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Tribune Editorial: Sheriff, commission undermine public trust in San Juan County

Published May 17, 2017 5:18 pm
This is an archived article that was published on sltrib.com in 2017, and information in the article may be outdated. It is provided only for personal research purposes and may not be reprinted.

Allegedly, San Juan County Sheriff Richard Eldredge pointed an assault rifle at an office employee he had "previously confronted." He pulled the trigger, and it clicked. He likely had a huge, dumb grin on his face. His deputy, Robert J. Wilcox, certainly did. He laughed at the dry fire.

To make matters worse, Eldredge assigned his chief deputy, Alan Freestone, to investigate the allegation against him. What happened next amounts to a sham investigation, a cover-up and someone out of a job.

But not the sheriff, or his deputies. Who lost their job? The witness who was the subject of the incident.

Charges for the three of them include felony counts of witness retaliation, as well as misdemeanors reckless endangerment, obstruction of justice, official misconduct and reckless endangerment.

To compound the issue even further, the three-member San Juan County Commission announced the sheriff and his deputies would remain on the job until after the legal proceedings conclude. On the job, in leadership. Not paid administrative leave.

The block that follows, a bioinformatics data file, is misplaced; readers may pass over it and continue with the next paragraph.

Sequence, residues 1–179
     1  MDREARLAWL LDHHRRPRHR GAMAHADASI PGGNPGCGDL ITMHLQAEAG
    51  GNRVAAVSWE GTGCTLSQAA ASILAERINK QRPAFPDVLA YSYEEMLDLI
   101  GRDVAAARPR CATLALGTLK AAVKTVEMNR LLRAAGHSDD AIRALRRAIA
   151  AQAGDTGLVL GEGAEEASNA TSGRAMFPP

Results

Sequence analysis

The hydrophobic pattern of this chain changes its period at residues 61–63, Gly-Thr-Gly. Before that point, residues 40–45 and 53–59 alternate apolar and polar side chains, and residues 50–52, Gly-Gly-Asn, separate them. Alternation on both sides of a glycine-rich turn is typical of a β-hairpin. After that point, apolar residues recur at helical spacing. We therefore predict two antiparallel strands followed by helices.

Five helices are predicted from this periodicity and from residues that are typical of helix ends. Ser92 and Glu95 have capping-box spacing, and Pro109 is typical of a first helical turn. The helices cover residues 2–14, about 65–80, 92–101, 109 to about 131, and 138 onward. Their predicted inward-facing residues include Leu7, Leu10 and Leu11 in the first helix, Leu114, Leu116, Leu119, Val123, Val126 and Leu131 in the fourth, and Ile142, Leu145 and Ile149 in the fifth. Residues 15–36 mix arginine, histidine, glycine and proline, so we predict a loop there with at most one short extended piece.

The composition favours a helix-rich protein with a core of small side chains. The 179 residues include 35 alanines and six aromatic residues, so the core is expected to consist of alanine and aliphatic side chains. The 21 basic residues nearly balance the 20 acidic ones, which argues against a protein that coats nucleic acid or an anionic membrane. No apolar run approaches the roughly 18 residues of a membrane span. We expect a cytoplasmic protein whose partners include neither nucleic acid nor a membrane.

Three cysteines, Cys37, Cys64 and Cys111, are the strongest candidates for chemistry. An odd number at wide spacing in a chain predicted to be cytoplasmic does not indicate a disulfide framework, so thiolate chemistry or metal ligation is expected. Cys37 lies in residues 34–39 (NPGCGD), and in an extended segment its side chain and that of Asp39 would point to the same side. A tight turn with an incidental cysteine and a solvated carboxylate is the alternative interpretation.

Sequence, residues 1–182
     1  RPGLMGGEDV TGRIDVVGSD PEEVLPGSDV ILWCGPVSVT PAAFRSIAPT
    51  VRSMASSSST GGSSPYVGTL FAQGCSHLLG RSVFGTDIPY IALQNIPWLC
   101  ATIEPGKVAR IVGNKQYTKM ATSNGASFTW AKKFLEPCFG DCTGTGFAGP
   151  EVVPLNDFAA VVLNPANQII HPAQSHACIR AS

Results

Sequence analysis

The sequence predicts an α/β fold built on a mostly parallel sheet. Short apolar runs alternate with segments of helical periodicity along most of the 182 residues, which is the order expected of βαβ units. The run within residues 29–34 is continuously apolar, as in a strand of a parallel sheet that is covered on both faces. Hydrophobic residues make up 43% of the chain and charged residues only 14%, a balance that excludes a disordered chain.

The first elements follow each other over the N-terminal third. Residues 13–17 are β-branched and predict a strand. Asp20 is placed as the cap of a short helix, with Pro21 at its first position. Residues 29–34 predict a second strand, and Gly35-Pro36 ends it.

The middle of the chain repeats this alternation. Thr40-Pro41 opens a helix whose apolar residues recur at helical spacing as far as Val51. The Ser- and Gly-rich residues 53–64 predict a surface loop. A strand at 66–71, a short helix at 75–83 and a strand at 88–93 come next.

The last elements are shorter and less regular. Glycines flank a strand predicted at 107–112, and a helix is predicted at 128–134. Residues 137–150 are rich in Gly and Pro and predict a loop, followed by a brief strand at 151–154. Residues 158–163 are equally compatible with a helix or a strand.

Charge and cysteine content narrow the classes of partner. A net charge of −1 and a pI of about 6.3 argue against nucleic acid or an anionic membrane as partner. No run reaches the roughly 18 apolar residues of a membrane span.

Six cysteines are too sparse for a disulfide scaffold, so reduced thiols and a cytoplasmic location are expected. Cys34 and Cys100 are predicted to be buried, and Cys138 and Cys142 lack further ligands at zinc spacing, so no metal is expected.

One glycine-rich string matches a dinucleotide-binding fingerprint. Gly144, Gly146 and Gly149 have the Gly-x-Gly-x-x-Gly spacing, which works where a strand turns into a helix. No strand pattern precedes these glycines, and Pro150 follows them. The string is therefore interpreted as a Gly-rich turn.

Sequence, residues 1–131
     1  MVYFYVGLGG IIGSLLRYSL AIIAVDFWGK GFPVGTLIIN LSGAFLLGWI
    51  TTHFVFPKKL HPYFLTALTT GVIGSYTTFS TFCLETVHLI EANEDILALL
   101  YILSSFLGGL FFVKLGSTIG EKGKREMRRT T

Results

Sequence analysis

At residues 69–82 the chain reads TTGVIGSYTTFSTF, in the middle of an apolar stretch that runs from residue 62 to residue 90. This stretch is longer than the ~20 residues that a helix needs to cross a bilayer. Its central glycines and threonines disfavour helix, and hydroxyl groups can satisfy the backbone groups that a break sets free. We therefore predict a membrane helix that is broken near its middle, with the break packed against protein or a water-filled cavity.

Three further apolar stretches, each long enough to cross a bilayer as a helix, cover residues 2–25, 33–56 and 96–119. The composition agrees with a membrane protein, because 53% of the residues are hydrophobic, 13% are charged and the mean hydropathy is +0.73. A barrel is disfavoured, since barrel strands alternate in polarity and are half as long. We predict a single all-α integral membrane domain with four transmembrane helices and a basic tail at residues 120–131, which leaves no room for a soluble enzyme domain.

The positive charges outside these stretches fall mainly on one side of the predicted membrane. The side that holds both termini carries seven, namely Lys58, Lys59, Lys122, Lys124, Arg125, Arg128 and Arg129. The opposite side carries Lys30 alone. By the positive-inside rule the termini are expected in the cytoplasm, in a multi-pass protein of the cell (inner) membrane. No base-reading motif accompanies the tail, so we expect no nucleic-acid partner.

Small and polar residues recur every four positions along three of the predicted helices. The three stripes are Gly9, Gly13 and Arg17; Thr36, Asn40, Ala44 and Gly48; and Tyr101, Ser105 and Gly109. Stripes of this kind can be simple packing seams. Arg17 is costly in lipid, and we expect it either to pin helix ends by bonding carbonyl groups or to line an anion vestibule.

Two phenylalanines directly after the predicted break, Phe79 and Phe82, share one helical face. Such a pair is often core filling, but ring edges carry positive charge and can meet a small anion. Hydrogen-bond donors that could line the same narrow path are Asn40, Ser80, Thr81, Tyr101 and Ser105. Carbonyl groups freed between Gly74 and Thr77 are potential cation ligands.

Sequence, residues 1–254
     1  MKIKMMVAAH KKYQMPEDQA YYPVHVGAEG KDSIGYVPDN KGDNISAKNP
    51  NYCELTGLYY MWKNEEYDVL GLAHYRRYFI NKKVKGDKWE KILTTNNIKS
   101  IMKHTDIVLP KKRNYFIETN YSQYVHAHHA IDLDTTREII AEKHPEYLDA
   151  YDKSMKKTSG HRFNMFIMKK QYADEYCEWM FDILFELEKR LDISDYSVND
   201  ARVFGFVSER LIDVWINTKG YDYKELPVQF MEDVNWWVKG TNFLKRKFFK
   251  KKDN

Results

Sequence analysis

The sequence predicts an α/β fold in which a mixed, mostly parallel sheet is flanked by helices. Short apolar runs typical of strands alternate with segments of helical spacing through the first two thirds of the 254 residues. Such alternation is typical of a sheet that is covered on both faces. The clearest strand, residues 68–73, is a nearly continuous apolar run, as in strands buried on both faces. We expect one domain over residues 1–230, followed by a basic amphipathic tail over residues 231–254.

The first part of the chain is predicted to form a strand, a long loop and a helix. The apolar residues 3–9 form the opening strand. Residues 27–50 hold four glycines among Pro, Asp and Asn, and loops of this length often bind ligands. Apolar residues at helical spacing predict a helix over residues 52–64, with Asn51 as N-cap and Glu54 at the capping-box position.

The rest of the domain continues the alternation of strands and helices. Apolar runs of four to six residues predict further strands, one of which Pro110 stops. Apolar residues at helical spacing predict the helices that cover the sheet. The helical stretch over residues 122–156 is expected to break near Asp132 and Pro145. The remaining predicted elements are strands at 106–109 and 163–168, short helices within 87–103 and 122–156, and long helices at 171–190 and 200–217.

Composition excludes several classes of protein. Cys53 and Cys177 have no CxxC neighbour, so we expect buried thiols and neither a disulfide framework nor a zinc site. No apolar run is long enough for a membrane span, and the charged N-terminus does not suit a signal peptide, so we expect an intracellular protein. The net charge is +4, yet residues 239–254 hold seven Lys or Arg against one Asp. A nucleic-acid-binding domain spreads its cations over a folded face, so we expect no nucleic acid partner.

It is indisputable that the sheriff and his officers are innocent until proven guilty. But they have been charged with crimes that relate directly to their employment. Granted, the charges don't involve murder or rape, but they do go directly to their fitness to be law enforcement officers.

There is also an open question as to whether the commission violated the state open meetings law when it decided whether the sheriff and his deputies would remain on the job during a meeting that did not include the issue on its agenda.

Commissioner Phil Lyman tried to mince words by saying an open meeting notice was not required because the commission did not eventually change the sheriff and deputies' job status, and "to do nothing doesn't violate the open meetings act."

So under Lyman's reasoning, the commission did not even consider whether to put the sheriff and his deputies on leave. That's some close-knit brotherly love right there. Not to mention the fact that it contradicts the commission's own news release that they had "chosen" to keep the officers in their positions.

Maybe this was just boys playing in the backyard with guns. But it seems, as often happens, the cover-up is worse than the crime. With the recent increase of unexplained or avoidable deaths and other questionable activity in our rural jails, our rural law enforcement offices are in jeopardy of losing all credibility.

Placing these officers on leave may cause a budget crunch or some overtime, but it would be worth it. There should also be a way for a city or county in such a crunch to call in help from neighboring jurisdictions, or from the state.

The County Commission defends its decision as being in the interest of public safety. What about the interest of public trust?




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